1895. Treaty Annuity List.

In the 1901 census, Joseph (1876-1943) and Caroline (1878-1909) can be found living with two daughters: Marie Sarah (1897-???) and Marie Josephine (1899-1984). The family had already suffered the loss of two children, an unnamed boy who was born and died in 1896 and Mary Jane who was born and died in 1901.

It’s interesting to note that Caroline (1878-1909) is listed as Saulteaux while Joseph (1876-1843) is listed as French. In other records he’s listed as a ‘French-Breed’ and ‘Cree’. Further research informed me he is a descendent of a Red River Métis family, but that is a post for another day.

1901 Census.

The family is found again in the 1906 records. This is the first record my grandfather is recorded in. It also lists his sisters Marie Sarah (1897-???), Marie Josephine (1899-1984), and Marie Louise (1903-1980). Too bad there is not much else recorded in this census.

1906 Census.

Caroline’s death is recorded in the 1909 Treaty annuity list and in further research I found she died on January 25th, 1909. In this record, we see Joseph has one son and three daughters living on reserve with him. Additionally, there is a mark at the opposite end of the document which shows one woman died between the last annuity payment and this one.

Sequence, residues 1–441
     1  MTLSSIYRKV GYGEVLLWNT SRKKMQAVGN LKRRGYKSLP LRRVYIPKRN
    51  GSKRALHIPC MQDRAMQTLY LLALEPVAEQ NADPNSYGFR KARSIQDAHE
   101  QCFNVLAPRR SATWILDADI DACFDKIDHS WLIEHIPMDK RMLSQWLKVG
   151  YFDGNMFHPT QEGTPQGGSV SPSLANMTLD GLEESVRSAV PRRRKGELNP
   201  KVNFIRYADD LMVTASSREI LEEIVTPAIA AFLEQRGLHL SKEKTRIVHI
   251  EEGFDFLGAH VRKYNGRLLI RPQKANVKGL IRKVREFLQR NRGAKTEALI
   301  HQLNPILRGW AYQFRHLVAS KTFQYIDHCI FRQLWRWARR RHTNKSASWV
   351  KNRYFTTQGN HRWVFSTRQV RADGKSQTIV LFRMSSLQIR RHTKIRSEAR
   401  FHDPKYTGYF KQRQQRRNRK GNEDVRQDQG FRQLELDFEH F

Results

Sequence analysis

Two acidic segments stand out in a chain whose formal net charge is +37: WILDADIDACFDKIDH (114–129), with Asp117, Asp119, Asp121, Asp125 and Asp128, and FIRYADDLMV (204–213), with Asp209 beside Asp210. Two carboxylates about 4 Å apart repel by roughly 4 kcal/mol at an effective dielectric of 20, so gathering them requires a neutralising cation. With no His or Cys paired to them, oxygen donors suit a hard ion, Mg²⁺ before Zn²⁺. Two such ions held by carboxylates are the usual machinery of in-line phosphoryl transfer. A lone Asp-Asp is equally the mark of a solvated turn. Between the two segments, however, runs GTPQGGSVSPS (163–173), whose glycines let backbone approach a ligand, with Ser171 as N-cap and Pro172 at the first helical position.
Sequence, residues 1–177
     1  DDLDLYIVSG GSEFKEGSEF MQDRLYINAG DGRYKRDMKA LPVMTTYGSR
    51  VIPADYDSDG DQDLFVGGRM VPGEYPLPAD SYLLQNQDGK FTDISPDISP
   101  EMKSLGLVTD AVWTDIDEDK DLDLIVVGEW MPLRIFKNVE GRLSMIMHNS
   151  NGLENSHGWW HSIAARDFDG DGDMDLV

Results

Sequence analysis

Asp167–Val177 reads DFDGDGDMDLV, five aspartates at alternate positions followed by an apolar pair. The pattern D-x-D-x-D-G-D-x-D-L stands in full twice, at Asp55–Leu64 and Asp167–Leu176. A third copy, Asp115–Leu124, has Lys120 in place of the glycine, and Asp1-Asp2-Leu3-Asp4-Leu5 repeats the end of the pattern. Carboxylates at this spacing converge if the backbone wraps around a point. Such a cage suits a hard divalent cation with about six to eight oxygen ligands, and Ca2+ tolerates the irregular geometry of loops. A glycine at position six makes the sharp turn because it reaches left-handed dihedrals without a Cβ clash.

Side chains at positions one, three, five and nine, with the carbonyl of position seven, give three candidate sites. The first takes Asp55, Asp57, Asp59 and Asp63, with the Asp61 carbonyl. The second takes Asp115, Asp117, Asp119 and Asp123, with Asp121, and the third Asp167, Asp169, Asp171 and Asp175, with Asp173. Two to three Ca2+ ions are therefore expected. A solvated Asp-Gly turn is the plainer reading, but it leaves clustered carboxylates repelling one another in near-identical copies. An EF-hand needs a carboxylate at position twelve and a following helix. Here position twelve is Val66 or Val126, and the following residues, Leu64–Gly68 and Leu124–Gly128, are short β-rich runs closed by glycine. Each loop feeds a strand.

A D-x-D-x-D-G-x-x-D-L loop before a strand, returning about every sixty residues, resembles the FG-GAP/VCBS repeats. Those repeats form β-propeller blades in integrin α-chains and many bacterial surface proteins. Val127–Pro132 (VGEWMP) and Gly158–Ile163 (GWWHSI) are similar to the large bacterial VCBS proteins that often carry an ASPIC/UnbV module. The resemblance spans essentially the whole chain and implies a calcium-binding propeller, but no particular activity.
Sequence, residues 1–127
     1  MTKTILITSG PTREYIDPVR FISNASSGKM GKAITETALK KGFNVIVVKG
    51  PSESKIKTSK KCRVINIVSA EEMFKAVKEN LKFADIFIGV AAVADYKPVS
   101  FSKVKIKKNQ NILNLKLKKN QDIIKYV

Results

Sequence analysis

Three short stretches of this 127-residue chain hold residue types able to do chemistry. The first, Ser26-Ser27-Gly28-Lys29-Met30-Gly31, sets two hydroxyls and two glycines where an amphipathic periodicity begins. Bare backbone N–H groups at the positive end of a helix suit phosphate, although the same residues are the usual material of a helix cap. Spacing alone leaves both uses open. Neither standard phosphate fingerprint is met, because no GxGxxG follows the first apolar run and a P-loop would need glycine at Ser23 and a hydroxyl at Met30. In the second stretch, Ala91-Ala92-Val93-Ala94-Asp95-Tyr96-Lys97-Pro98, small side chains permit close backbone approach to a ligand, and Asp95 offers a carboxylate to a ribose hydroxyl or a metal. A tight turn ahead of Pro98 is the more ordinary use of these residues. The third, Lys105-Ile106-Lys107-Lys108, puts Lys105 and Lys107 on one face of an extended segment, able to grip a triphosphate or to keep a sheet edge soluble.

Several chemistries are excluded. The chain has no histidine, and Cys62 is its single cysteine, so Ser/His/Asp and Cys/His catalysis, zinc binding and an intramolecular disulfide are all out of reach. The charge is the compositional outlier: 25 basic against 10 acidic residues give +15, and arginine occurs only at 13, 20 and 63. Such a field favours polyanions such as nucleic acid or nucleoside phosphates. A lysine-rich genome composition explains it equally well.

1909 Treaty Annuity List.

Interestingly enough, Joseph (1876-1943) married Philomène Daniel (1888-1911) on July 20th, 1909, less than six months after Caroline’s death. There were four children who needed looking after, I imagine this played a part in the hasty marriage.

I learned the pair had a son on August 23rd, 1910, named J. Albert who died before his first birthday, on January 10th, 1911. Sadly, Philomène died only a few months later on June 28th, 1911. She lived long enough to be recorded in the 1911 census but I don’t have much information Philomène and must conduct more research.

The family can be found in the 1911 census records. All of Joseph’s children from his previous marriage can be found: Marie Sarah, Marie Josephine, Marie Louise, and Napoleon. Additionally, although the document states Hyacinth (1949-1906) is living with them, this is incorrect. Hyacinth died in 1906, this is recorded in the 1906 Treaty annuity payment list. Thus it is Julienne LaVallee (1853-???), his mother!